Behind the Scenes at Cisco Live: One of the Biggest Technology Events in Europe

CISCO

Conferences are a big part of professional networking and development. The scene is pretty familiar: a few hundred people attending keynotes and breakout sessions at a hotel or a conference center—all the while making do with incredibly mediocre Wi-Fi. It’s frustrating when you have to travel to an event and can’t rely on connectivity, but most people assume that’s just the way it is at conferences.


Not at Cisco Live. Our premier annual event is the biggest on Cisco’s calendar in EMEAR. At our January 2020 event in Barcelona, we saw more than 18,000 visitors at more than 1,000 sessions over five days. At Cisco Live, we reveal our latest technologies across our entire portfolio including security, networking, data center and collaboration, so we can’t just use just any existing event-space network. Instead, we build it from the ground up.
 

As the lead engineer of the Cisco Live Barcelona Networking Operations Center (NOC), I get to handpick talent from Cisco worldwide to collaborate on these events. There are twelve people on my core team, with an extended team of 60, all to run this one annual event. As we look ahead to the next event, it’s always worthwhile to look back and see how we prepared and managed an event of this scale—and here’s how you can make sure the network at your event surpasses everyone’s wildest expectations.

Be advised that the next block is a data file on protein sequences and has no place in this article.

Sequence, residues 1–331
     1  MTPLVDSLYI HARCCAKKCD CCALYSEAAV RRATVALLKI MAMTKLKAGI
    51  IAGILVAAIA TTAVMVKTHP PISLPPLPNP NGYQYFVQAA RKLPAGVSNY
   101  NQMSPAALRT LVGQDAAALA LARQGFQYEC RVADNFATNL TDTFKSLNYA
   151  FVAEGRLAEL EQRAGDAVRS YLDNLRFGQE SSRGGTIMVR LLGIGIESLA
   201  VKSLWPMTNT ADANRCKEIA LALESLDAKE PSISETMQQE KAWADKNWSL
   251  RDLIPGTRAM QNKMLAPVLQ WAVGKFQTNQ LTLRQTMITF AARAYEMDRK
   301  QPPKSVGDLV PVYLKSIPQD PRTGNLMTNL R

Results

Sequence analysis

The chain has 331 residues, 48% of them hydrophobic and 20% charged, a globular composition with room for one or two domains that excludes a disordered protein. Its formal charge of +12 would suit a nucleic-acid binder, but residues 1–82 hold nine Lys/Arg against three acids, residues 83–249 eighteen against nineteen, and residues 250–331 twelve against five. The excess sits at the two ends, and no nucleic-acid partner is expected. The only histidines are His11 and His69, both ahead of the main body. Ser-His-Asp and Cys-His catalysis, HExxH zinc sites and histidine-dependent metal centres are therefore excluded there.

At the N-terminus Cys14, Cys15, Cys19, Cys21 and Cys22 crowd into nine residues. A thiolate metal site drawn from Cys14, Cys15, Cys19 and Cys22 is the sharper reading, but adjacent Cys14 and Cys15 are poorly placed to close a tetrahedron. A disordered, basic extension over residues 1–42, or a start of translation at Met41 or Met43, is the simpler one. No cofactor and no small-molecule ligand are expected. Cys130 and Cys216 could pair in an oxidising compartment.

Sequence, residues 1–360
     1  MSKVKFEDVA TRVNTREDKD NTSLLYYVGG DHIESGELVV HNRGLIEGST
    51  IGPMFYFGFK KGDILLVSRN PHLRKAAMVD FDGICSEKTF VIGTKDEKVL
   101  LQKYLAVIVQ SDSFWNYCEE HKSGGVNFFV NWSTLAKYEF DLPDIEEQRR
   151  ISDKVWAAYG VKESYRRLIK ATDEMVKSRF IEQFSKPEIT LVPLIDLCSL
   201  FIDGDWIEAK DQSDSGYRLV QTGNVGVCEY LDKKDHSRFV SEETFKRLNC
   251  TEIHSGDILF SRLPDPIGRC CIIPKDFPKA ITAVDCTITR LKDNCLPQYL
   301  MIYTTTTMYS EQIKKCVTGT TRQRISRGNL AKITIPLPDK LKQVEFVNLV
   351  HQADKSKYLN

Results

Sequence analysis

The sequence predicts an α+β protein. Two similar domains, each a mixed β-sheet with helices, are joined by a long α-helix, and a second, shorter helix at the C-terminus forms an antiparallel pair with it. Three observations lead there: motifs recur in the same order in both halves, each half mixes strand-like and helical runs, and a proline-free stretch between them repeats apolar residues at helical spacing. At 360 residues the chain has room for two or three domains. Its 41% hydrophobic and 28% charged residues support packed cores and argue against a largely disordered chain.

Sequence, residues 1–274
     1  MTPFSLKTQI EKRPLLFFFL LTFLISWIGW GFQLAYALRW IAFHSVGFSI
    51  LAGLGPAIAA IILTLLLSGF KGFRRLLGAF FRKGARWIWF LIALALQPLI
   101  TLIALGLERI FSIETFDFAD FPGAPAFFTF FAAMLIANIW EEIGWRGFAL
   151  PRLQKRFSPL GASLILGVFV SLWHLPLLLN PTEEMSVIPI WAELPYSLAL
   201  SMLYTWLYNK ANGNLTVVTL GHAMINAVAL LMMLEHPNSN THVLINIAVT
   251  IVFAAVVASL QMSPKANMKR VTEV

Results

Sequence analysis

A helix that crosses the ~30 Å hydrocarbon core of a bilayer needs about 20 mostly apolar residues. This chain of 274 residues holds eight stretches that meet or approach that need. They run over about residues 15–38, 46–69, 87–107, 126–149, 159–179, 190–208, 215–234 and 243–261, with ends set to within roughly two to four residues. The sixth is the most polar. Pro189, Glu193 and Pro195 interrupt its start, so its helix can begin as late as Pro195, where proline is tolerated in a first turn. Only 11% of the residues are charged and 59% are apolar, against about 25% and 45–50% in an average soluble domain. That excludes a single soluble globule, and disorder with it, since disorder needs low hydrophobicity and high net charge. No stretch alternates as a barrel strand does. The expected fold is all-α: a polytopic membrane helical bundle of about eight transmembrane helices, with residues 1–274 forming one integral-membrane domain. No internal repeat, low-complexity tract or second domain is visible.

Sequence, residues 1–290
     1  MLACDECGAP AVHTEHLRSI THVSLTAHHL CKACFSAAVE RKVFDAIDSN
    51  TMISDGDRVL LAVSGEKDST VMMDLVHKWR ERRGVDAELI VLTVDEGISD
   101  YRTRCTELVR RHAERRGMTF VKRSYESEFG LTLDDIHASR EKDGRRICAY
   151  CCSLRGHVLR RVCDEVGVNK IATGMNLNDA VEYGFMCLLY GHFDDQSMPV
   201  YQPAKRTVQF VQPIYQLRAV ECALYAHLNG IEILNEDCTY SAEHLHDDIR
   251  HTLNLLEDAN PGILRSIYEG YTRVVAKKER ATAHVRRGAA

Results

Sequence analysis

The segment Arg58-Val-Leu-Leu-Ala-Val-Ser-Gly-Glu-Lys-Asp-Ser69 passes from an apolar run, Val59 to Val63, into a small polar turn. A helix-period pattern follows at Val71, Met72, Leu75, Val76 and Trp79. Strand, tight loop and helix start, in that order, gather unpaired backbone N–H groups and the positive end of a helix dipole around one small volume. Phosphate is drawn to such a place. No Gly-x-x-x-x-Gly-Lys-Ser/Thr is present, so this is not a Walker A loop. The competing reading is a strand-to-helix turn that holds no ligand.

Dreaming Big with an Event Space

Thinking about these large-scale events begins with evaluating the venue itself. About a year before the event is set to take place, we start talking with the venue about existing infrastructure and hardware. When it comes to Wi-Fi, sometimes the venue already has a Cisco network we can leverage. They might even have already installed Wi-Fi access points on the roof, which is fantastic because my team can quickly install things at eye-level, but installation becomes a bit more difficult the higher you go. 


More often an event space will say, “Yes, of course we have Wi-Fi,” but it will date back to the days when connectivity meant getting a single bar on your (non-smart) phone. In order for our event to run smoothly, we need high-density Wi-Fi with additional location services, and video streaming on top of that. A single access point on the side of a hallway will not be sufficient to provide an optimal experience for several thousand people.